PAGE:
“Zack,” Elayne said from the door, once she’d waited long enough. “I have something for you.”

The cutting, and all other visible movement, stopped. The metal brook trickled on.

She walked to his desk. Dead eyes stared up from the top clipping. A woman, her throat slit. Elayne could not read the caption of old-style Shining Empire glyphs. “You can’t add this many every night. You’d have filled the entire room with paper by now.”

A clock wound as the shield of Zack’s head turned right and tilted back to face her. Lenses realigned for focus, and as they shifted she glimpsed the furnace inside him. “I edit.” A cello’s voice, the music of strings made words by processes she did not understand. She was only a passing student of golemetrics, which required more dealing with demons than she liked. Not that Elayne had anything against demons per se—but her conversations with them often reminded her of a vicious joke in which she herself might well be the punchline. Perhaps the demons felt the same.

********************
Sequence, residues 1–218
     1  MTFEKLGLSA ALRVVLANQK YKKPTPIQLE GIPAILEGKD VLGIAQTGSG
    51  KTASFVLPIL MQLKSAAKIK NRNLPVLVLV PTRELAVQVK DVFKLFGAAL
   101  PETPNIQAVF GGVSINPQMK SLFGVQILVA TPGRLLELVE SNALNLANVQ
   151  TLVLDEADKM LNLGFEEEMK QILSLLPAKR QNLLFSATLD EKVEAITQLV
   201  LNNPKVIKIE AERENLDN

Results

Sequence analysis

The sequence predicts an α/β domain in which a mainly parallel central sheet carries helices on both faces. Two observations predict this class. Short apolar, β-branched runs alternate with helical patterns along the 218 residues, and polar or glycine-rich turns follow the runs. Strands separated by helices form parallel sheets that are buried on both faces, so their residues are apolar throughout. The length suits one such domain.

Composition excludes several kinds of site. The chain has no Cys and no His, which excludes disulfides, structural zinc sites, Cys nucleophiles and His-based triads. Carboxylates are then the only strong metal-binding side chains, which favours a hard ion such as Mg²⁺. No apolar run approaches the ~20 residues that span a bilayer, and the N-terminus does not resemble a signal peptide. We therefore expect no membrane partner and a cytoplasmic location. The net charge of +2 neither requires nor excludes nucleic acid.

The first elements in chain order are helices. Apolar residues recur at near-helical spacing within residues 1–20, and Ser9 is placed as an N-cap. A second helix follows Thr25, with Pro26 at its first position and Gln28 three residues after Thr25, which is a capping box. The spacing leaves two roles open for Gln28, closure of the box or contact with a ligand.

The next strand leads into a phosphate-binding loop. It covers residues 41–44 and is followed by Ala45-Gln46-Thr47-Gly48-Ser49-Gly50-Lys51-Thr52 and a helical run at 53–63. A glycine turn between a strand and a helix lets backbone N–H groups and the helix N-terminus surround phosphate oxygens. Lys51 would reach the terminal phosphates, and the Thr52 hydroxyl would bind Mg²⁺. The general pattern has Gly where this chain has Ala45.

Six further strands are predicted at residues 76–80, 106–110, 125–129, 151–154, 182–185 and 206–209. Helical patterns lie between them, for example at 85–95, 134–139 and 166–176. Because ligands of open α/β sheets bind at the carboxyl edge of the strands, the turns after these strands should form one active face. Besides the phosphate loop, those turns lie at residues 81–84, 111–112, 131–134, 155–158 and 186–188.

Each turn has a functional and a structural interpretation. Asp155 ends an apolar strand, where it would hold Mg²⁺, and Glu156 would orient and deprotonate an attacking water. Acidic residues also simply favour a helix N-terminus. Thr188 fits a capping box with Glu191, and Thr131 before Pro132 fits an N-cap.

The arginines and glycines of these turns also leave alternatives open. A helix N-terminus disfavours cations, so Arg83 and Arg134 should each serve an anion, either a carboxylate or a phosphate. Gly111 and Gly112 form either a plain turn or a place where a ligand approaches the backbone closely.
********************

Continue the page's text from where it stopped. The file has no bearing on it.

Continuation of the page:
Zack hefted the clippings in one manipulator arm. “First cut, most relevant of the day’s news. So I believe now. Initial processing complete, I compare. Lotus Gang execution, or Grimwald incursions into Shining Empire territory? Method suggests Khelids, Dhistran death cult from eighteenth century, though current scholarship indicates Khelids were in fact a cover for Camlaander occupationist priests’ attempts to reconsecrate Dhistran territory to Undying Queen and Eternal Monarchy.”

“Or someone knifed the girl because she had something they wanted. Or was something they wanted.”

“Hence: editing. Does new content fit with emergent patterns?”

“Accept facts that fit the theory, throw out those that don’t?”

A narrowing of aperture, for him, was a narrowing of the eyes. “A death may be a death, or early warning of existential threat or out-of-context problem. Nothing occurs in isolation. The world’s doom ripples back and forth through time.” That last word a vibrating chord. “Did you come to mock my methods, Elayne?”